The specifics of Neapolitan pizzas are “subject to much Talmudic debate,” writes Michael Idov in New York Magazine this week. But there are a few rules that all aspiring Neapolitan pizzas must follow: A twelve-inch round pie, often unsliced; a thin, soft, and chewy crust; bubbles on the rim; simple but quality sauces; a modest amount of mozzarella di bufala; and a few stingy drops of olive oil. Though New York is currently in the midst of a Neapolitan revolution, it’s not the only city turning away from the familiar gloppy sauce and slithering cheese. A solid handful of L.A. slice-slingers are obsessed with proving to the world that we have edible pizza, importing water from Brooklyn or Naples itself, but those in the Neapolitan business are content to keep a low-profile while pumping out some excellent versions of the form. Below, eleven spots in L.A. that craft an authentic Neapolitan, from those with handmade mozzarella to certified pies.
Even other pizza makers come to this Marina pizzeria for verified Neapolitan training.
David Myers strikes again, using a 300-year old biga from Naples just to start the dough.
The Good Pizza
This Westchester pizzeria is under-the-radar, proudly claiming their Naples heritage and authentic pies.
Bollini’s Pizzeria Napolitana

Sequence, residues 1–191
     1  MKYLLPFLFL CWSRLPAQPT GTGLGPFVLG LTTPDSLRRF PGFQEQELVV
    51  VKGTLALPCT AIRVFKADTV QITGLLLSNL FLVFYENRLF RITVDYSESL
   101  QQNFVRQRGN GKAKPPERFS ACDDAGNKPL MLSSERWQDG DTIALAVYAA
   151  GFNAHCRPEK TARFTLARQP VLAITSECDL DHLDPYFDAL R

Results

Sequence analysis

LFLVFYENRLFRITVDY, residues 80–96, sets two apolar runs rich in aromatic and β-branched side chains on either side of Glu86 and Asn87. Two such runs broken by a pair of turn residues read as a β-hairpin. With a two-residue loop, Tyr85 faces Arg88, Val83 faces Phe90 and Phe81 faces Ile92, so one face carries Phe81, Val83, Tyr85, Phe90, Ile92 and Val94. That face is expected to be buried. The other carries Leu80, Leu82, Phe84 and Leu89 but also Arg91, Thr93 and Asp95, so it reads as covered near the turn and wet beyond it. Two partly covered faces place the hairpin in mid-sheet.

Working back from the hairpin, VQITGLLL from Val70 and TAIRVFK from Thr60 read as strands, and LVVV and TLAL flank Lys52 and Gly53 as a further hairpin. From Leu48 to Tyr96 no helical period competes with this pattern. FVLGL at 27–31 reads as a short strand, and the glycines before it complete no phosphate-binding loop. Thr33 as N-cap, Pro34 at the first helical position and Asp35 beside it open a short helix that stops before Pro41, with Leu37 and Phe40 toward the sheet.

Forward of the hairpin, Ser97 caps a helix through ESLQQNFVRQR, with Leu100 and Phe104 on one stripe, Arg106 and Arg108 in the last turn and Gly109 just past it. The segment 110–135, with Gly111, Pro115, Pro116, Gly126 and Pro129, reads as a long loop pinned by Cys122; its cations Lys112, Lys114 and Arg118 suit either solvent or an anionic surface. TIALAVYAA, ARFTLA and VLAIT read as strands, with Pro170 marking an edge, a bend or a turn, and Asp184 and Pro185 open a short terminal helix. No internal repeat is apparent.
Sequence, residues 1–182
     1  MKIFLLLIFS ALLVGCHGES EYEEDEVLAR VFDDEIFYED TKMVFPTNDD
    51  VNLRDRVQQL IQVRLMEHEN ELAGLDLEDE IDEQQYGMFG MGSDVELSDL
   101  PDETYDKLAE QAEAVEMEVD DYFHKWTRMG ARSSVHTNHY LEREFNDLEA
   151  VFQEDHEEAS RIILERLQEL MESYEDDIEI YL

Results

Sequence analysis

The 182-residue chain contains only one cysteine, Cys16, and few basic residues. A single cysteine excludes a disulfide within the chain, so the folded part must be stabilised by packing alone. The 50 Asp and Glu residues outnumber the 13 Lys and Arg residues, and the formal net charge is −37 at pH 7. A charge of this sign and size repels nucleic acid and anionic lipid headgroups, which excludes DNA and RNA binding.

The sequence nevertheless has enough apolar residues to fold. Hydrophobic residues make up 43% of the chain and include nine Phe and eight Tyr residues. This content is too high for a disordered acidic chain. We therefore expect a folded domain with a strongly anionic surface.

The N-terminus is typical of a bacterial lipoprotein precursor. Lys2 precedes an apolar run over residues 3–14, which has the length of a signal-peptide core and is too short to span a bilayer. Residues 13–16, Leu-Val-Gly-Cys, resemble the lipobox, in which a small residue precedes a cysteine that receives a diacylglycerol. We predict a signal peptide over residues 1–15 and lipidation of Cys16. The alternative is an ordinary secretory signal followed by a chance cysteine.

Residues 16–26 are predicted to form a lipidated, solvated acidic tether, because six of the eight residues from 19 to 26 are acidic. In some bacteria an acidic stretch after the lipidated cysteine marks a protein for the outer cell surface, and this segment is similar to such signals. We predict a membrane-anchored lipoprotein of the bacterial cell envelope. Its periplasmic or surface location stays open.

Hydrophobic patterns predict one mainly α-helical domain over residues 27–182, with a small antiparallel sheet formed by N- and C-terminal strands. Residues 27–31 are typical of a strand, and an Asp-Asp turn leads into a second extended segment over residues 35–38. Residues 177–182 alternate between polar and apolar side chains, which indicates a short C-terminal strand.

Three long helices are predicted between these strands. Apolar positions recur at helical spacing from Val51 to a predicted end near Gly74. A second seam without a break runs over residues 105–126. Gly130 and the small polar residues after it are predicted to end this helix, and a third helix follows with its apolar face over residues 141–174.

A woodfire oven and recipes passed down through the Bollini family.
High end Neapolitan uses Caputo flour, handmade flor di latte fresh mozarella made by hand, San Marzano tomatoes, and local spring water.
Naples Ristorante & Pizzeria
This Downtown Disney upscale Italian uses water “with the same mineral content” as that found in Naples.
Crisp rustic crust covered sparsely with patches of mozzarella, light sauce, and fresh chopped basil.
Culver City’s pizza party restaurant promises real Neapolitan every Tuesday this summer in their brick oven.
Da Pasquale Restaurant
Chef Pasquale hails from Naples and brings with him a delightful thin crust pizza that is Beverly Hill’s best example of Neapolitan.
It hasn’t taken long for Santa Monica to recognize the talent in Jason Travi’s thin-crust wood-fired Neapolitan pies whose bottoms get a little burned like we like it.
Paper-thin and sporting more whole leaves of fresh basil than it does its delicious sauce and cheese.